We store cookies on your device to make sure we give you the best experience on this website. I'm fine with this - Turn cookies off
Switch to an accessible version of this website which is easier to read. (requires cookies)

West Suffolk Liberal Democrats

The Reluctant Volunteer

February 14, 2020 4:22 PM
By Gerald Watts

Part One: Leafleting

I am not a typical volunteer. In fact my track record of expending time and effort when there's nothing in it for me personally is unimpressive, to put it mildly. Yet during the last few months I have been active on behalf of the Liberal Democrats in two election campaigns, the first national, the second local. Why did I do this, you may ask, and what did I actually do?

Addressing the second question first: I attended some meetings, made some phone calls and delivered some leaflets. And it is the last of these activities I want to describe to you as it is the one that I found the easiest - and the one which requires no skill beyond following a simple map.

You are given a bundle of leaflets by a local committee member, together with a map of the 'walk' you need to cover. Typically there are about a hundred leaflets in a bundle and the walk has been carefully chosen to minimise time and distance.

When it's a walk in my local village, the area is familiar to me. If it's elsewhere, I usually check it out using an online mapping application. This helps me identify streets which are too small to be named on the map. Then I simply pick a convenient time and off I go, usually with my leafleting partner - my wife, Alison. And we always go armed - each of us carries a wooden spoon to help push the leaflet through draft-proof letterboxes, thus sparing our knuckles.

Working as a team, we can deliver two bundles in a couple of hours, though this all depends on how far apart the houses are and how many gates you have to open (and close!). Modern estates with cul-de-sacs and closes are the quickest. Then it's home for a cup of tea, feeling pleased with ourselves at a job well done and basking in the thanks of the local chairman and candidate.

And if we're asked to deliver more, well, we decide. We think about it and say yes or no as we wish.

But - ah, there's always a but - isn't leafleting a bit of a waste of time and not unlike dropping off junk mail? Not at all! Political leaflets, even from the Liberal Democrats, may go unread and end up in the bin soon after delivery, but they promote name recognition of party and candidate. They offer people a chance to read about local issues. They show that the party is active and that it has the will and the energy to reach out to local voters. (Of course, leafleting is not as good as canvassing, which means actually knocking on doors and speaking to people. I haven't been canvassing myself but my wife says it's more interesting, more rewarding and more important than leafleting. Perhaps she can write a Reluctant Volunteer article herself.)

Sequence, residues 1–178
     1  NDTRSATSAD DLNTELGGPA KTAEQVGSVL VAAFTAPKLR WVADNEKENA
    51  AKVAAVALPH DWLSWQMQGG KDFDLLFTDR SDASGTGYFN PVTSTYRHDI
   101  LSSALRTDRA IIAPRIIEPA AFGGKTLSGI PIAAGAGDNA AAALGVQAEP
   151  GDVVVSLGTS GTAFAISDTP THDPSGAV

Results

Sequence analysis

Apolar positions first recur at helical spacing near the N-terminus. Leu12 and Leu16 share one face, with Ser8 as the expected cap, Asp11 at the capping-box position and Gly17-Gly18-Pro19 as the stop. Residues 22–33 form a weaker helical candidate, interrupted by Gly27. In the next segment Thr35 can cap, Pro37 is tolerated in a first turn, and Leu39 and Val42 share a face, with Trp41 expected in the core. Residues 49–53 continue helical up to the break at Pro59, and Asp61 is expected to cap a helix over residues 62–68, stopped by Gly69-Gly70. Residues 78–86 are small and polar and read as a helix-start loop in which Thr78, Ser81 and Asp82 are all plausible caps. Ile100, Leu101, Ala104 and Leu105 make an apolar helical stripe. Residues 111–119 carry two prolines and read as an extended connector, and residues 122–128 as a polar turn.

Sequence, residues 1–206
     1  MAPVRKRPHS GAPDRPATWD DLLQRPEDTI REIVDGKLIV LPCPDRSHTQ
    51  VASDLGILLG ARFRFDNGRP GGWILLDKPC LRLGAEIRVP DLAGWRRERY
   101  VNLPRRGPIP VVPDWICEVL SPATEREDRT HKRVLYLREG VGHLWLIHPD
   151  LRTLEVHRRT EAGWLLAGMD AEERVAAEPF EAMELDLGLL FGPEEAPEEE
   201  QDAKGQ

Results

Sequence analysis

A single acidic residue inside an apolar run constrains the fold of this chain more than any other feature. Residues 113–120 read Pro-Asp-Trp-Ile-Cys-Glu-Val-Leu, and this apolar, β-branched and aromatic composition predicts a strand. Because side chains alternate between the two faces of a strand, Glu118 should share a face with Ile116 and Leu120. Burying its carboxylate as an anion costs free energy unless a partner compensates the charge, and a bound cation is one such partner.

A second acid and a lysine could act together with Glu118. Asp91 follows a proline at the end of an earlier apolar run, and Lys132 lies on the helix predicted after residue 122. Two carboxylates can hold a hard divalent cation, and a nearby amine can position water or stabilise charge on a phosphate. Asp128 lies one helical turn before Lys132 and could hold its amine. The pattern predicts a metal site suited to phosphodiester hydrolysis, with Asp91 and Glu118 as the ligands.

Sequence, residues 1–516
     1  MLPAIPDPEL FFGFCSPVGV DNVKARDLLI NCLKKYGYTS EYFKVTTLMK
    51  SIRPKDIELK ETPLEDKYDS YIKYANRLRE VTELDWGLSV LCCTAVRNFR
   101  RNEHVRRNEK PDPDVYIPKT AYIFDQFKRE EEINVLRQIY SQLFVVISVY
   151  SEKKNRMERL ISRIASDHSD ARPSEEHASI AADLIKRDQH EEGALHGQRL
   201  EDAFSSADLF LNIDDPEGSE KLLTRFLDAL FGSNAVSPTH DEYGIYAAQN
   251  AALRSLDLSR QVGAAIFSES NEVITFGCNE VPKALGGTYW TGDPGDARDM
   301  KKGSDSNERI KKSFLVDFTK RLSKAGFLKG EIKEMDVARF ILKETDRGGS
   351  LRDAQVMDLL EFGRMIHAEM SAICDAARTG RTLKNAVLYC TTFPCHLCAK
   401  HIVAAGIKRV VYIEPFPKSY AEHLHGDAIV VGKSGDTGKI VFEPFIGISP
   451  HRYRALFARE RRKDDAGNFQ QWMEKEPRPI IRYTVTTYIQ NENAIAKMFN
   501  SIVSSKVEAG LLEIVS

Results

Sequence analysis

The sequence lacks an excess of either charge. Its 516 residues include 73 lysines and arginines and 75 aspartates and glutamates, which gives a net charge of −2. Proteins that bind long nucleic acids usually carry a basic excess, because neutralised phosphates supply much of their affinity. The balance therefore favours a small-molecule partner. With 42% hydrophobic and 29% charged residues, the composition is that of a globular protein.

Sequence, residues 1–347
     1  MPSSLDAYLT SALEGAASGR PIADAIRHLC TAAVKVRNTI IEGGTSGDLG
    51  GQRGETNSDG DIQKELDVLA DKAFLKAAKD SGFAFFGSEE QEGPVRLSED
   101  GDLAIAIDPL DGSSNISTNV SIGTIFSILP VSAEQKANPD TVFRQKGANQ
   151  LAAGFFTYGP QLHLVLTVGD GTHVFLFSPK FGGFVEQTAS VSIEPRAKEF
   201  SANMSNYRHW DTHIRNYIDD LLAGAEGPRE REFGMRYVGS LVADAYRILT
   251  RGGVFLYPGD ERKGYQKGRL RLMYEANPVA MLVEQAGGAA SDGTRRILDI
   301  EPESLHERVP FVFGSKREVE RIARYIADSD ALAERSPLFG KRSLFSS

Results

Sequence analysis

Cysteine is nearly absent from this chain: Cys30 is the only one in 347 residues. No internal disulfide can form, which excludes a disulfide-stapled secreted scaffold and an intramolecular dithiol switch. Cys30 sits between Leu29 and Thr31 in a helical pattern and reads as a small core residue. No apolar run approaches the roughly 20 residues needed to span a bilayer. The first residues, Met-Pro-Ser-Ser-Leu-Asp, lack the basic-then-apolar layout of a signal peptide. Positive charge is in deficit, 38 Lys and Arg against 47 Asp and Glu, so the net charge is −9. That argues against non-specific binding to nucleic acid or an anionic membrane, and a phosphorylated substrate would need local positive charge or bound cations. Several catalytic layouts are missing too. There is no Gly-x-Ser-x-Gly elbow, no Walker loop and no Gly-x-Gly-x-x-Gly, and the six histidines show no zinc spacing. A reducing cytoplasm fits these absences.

And to compare leafleting to junk mail brings me to my answer to the first question. Why do I do it? Is it because I approve of the policies of the Liberal Democrats? Yes, that's broadly true. Is it because I disapprove of the policies of other parties. Again, largely true. Does it come down to selling something, making special offers like a flyer from a pizza delivery company? No. That is about encouraging consumers to buy. I deliver political leaflets because I want people to take an interest in our democratic process, to vote, to have opinions, to see that parties are different from one another and to understand that the outcome of elections will affect their lives.

I have been reading a lot about the decline of democracy in the 21st Century. The various threats include creeping executive power, a largely unregulated social media exploited by cynical political operators and voter apathy. I deliver leaflets, go to meetings, make occasional donations and am writing this article because if ordinary people like me didn't do these things, democracy itself is weakened. As one academic wrote, "democracy is in danger of going out, not with a bang, but a whimper". So, reluctantly, I volunteer.

Gerald is a new member of the West Suffolk LibDems Executive Committee and is new to campaigning. If Gerald's experiences have made you think about volunteering, why not join us for a FREE training day on Sunday 8th March, courtesy of ALDC. Full details here.